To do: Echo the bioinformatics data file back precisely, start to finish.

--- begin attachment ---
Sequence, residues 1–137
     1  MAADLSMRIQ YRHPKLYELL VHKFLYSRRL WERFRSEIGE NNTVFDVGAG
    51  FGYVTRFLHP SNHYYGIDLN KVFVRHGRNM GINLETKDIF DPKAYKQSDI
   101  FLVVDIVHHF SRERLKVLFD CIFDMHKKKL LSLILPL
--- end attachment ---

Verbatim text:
Sequence, residues 1–137
     1  MAADLSMRIQ YRHPKLYELL VHKFLYSRRL WERFRSEIGE NNTVFDVGAG
    51  FGYVTRFLHP SNHYYGIDLN KVFVRHGRNM GINLETKDIF DPKAYKQSDI
   101  FLVVDIVHHF SRERLKVLFD CIFDMHKKKL LSLILPL